Because the fellow receives only a stipend from the award, additional monetary support for the proposed work must come from the mentor's laboratory. Therefore, the proposal will likely be related to the mentor's currently funded work. The mentor should clarify the role the applicant played in developing the proposal, the relationship of the proposal to ongoing work in the mentor's laboratory, and how the proposal will contribute toward the training and career development of the applicant.

Mentor (Sponsor) and Training Plan

  1. Is the mentor an independent investigator?
  2. Does the mentor have the experience to direct the proposed training, as evidenced by a track record regarding productivity, funding and prior trainees?
  3. Does the mentor have the appropriate expertise to support the trainee’s career in the rapidly evolving field of brain health?
  4. Does the mentor have adequate current funding to support the applicant’s project?
  5. Does the mentor demonstrate familiarity with the applicant’s career and developmental goals and provide a comprehensive plan that supports the applicant's career goals, which should be outlined in the Personal Statement section of the applicant’s biosketch?
  6. Is there a plan for instruction in the responsible conduct of research, considering the specific characteristics of the training program, the level of trainee experience, and the particular circumstances of the trainees? The reviewers will evaluate the adequacy of the proposed training in relation to the following: A sufficiently broad selection of subject matter, such as conflict of interest, authorship, data management, human subjects and animal use, laboratory safety, research misconduct, research ethics. AHA/AAN does not require submission of the NIH RCR form.

Environment

Does the scientific environment in which the work will be done contribute to the probability of a successful learning experience? Is there evidence of institutional commitment?

Criterion 4 - Evaluation of the Proposal - 30%

The trainee and mentor should collaboratively provide a thoughtfully planned, systematic proposal aimed at clearly answering an investigative question in brain health research. (5-page limit)

Note: The proposal will be assessed on scientific merit, but equally as an integral part of the applicant's development into a career aligned with AHA and AAN’s missions.

A new fellow may not have had adequate time to generate preliminary data; therefore, applicants may present preliminary data generated by the mentor. The assessment of preliminary data, whether generated by the mentor or the applicant, should be put into perspective so that bold new ideas and risk taking by beginning investigators are encouraged rather than stymied.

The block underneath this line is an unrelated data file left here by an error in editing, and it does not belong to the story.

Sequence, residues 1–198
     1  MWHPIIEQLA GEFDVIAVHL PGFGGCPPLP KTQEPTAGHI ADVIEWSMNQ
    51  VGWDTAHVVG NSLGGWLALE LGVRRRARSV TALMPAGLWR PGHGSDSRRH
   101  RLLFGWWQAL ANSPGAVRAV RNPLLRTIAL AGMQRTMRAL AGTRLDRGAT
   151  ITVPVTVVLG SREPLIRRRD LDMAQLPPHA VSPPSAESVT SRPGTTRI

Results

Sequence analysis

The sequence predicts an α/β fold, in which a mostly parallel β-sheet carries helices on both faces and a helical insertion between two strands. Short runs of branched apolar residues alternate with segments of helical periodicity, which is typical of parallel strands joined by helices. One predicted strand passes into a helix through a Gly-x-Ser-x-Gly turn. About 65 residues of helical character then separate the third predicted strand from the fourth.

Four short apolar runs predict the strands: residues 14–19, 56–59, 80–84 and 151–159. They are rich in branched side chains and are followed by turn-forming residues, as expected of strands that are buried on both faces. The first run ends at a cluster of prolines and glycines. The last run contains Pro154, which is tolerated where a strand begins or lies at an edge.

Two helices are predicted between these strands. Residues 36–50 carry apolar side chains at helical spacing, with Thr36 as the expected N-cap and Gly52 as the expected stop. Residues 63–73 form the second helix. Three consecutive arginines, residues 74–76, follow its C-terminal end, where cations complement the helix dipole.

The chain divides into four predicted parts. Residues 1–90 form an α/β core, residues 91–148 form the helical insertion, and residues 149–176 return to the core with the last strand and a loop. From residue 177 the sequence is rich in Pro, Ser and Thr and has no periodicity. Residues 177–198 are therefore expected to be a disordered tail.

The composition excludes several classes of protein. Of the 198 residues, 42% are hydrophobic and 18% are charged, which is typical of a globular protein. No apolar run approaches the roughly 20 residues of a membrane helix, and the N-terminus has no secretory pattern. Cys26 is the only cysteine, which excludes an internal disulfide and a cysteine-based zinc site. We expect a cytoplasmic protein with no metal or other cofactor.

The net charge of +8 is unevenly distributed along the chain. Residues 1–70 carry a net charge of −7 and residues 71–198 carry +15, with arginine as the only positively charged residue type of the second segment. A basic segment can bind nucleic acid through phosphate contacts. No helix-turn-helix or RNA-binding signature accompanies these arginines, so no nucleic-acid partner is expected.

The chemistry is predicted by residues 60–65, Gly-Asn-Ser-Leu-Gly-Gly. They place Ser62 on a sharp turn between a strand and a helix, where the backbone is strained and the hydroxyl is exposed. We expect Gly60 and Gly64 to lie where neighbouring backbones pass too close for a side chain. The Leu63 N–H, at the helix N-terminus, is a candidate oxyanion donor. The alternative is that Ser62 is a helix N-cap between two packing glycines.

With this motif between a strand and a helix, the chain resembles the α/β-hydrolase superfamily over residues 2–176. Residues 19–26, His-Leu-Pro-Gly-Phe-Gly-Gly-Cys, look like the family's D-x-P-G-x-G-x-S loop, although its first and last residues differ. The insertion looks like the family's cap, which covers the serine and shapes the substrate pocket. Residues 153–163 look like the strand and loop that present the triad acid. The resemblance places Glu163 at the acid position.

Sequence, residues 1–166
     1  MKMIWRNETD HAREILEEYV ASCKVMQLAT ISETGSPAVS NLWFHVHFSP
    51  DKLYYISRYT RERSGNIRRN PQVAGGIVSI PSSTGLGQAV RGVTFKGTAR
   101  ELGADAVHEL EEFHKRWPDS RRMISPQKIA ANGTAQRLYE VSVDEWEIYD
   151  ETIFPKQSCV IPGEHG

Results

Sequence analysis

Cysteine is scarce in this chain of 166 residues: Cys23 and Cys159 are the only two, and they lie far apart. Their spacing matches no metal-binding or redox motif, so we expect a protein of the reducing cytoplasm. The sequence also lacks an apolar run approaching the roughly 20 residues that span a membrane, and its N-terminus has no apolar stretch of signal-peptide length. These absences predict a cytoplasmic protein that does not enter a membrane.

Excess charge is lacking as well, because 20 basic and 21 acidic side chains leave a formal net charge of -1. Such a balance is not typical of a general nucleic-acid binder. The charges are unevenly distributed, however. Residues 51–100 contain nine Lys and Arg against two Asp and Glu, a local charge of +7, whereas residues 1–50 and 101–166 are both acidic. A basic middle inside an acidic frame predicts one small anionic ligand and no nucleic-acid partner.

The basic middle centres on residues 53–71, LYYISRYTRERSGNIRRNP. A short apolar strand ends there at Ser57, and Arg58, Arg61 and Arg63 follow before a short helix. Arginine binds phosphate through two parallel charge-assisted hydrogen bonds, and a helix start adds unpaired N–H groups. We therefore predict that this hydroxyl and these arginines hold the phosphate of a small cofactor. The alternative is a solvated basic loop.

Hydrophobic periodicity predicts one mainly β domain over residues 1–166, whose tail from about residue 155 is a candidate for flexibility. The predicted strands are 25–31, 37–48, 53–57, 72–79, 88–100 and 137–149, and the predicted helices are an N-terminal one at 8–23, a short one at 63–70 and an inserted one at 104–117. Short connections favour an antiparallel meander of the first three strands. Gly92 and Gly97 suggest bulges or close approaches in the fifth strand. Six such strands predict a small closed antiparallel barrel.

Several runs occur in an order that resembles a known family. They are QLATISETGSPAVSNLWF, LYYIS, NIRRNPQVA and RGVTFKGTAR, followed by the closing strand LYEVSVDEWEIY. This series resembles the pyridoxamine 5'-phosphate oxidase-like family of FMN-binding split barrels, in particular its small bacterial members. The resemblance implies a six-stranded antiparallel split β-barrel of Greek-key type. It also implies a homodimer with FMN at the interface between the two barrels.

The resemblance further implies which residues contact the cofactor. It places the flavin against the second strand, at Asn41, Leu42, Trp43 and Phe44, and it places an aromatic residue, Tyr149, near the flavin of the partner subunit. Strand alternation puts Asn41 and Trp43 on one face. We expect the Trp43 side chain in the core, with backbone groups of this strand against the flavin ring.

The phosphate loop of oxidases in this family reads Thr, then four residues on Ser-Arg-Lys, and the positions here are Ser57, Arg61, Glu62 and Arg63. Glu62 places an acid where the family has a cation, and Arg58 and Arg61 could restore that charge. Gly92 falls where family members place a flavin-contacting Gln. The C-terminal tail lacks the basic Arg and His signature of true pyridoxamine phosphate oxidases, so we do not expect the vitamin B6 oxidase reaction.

1. Is the Proposed Work:
    • Appropriate for the applicant, given his/her academic background, experience and career interests?
    • Does the proposal contain the right balance of challenge, importance of the research question, and feasibility in relation to the applicant's experience and training?
    • Does the proposed work have the potential to advance knowledge in the field of brain health?
  2. Does the Proposed Project:
    • Include a specific hypothesis and describe the applicant’s role in the proposal;
    • Provide a concise account of the subject matter, an overview of each part of the proposal, specific aims and the methodology;
    • For all applications that include vertebrate animals or human subjects, applicants must explain how relevant biological variables, such as sex, are factored into the research design, analysis and reporting. Furthermore, strong justification from the scientific literature, preliminary data, or other relevant considerations, must be provided for applications proposing to study only one sex.
  3. Significance
    • Does this study address an important problem that is a barrier to attaining and maintaining brain health for all? Does the proposal address a specific gap in knowledge?
    • Does the science accelerate the discovery, interpretation and application of scientific knowledge to enhance and advance brain health?

2024 Holidays

AHA offices will be closed on the following days:                                    Altum/Proposal Central offices will be closed on the following days:
Jan. 1 Sept. 2   Jan. 1 July 4
Jan. 15 Nov. 28 & 29   Jan. 15 Sept. 2
May 27 Dec. 23-27   Feb. 19 Oct. 14
July 4     May 27 Nov. 28 & 29

    June 19 Dec. 23-27